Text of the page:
In the United States, under the territoriality doctrine, a trademark is recognized as having a separate existence in each sovereign territory in which it is registered or legally recognized as a mark. The basic rule of trademark ownership in the United States is priority of use. A Trademark can be protected through Common Law or through state and/or federal registration. Common law is the default. All common law and federal/state registration rights are built upon the foundation of first-in-time, first-in-right.
Priority of trademark rights in the United States depends solely upon priority of use in the United States, not on priority of use anywhere in the world. Prior use in a foreign nation does not establish priority of use in America. Thus, shipments and sales between foreign nations do not establish trademark rights in the United States. Prior use of a trademark in a foreign country does not entitle its owner to claim exclusive trademark rights in the United States as against one who used a similar trademark in the U.S. prior to entry of the foreigner into the domestic American market. Under Section 43 of the Lanham Act, an owner of a mark (whether registered or common law protected) may bring an action for trademark infringement.
To prove trademark infringement, a plaintiff must show that: (1) the mark is valid and legally protectable; (2) the mark is owned by the plaintiff; and (3) the defendant's use of the mark to identify goods or services is likely to create confusion concerning the origin of the goods or services. If you need help or have questions about a trademark issue it is recommended you contact an experienced attorney at The Law For All today.
The United States has a two-tiered system of trademark protection: federal and state. A federal registration, under the Lanham Act, gives the registrant rights throughout the entire United States and its territories; a state registration gives the registrant trademark rights only within the territory of that particular state and Common law receives protection in the area(s) where the mark is used in commerce. The trademark rights and protection afforded by each state differ slightly; however, most States have some version of the Model State Trademark Bill, which mirrors federal trademark law. Consult a local trademark attorney for more information.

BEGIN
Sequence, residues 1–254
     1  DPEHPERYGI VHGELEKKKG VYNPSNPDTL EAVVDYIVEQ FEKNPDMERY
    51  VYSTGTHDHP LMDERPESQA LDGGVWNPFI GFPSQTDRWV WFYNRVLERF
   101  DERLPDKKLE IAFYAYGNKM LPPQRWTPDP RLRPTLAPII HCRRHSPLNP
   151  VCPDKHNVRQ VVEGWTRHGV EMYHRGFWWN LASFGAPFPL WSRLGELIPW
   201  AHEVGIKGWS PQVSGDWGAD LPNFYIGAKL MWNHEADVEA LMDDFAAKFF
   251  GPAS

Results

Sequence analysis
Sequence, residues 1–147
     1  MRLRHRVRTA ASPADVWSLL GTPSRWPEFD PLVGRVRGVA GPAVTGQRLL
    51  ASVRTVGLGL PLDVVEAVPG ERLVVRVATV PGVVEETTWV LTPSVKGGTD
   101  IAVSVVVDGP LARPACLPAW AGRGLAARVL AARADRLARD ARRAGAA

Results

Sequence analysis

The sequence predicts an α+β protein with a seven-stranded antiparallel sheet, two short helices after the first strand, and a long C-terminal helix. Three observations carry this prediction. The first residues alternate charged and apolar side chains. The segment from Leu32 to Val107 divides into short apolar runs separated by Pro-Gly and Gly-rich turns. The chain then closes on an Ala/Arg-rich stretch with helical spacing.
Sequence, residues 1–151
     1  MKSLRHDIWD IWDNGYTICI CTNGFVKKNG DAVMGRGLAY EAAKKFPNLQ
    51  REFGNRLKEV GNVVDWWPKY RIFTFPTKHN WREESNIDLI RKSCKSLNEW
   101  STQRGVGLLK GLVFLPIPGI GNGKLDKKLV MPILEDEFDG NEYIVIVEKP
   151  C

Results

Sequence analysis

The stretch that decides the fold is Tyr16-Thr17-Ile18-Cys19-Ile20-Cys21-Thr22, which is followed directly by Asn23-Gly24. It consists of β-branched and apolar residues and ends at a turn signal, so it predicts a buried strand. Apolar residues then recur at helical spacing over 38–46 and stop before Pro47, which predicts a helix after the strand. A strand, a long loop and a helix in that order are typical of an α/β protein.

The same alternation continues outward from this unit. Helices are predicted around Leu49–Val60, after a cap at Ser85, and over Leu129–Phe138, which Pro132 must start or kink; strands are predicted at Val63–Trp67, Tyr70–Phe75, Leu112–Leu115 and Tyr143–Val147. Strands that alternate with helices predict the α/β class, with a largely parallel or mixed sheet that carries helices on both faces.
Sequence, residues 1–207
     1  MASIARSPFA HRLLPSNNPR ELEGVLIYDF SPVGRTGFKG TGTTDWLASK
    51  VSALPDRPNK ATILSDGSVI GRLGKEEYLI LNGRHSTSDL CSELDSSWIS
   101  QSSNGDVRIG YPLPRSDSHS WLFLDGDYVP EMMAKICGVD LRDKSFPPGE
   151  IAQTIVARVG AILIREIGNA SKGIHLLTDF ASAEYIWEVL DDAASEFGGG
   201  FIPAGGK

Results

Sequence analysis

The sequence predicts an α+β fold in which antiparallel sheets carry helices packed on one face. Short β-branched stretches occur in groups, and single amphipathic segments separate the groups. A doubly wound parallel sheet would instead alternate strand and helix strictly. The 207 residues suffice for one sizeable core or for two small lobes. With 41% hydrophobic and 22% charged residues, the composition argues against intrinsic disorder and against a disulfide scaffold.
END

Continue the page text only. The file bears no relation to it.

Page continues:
A federal trademark registration is issued by the United States Patent and Trademark Office. A state trademark registration is issued by a state office, typically the Secretary of State’s office (e.g., the State of Florida Secretary of State’s Office or the New York Department of State’s Office). Contact The Law for All to have an experienced attorney help you with the trademark process. Regardless of whether you seek state or federal trademark law protection, in order to create trademark rights, a designation must be proven to perform the job of identification: to identify one source and distinguish it from other sources. The way to obtain rights in a business symbol is to actually use it as a mark.
A federal trademark registration is available only for marks used in interstate commerce or commerce between the United States and another country. 15 U.S.C. §1127. One may also apply for federal registration before actual use of the mark, based on intent to use. 15 U.S.C. § 1051. It is possible to apply to register rights in trademarks and service marks on an intent to use basis (e.g., while the product is still in the planning stage and has not been commercially used), thereby establishing a priority in the right to use the mark (assuming it is ultimately used and becomes registered) as of the date the application is filed. In contrast, a state registration is available for marks used purely in intrastate commerce—that is, within only one state. Only some states will permit applications based on intent to use or on the reservation of a mark. One may file for both federal and state trademark registration if the mark is used within the state as well as in interstate commerce or commerce between the United States and another country.
A federal registration provides a presumption of the validity of the ownership by the entity or person identified in the registration records. 15 U.S.C. § 1057. Subject to certain exceptions, federal registration gives a national right of priority as of the filing date of the application for the goods or services specified in the application. 15 U.S.C. § 1057(c). However, State registration provides rights and/or protection solely within the particular state of intrastate commerce. Further, only federal registration grants the right to use the distinctive ® symbol with the registered mark. 15 U.S.C. §1111.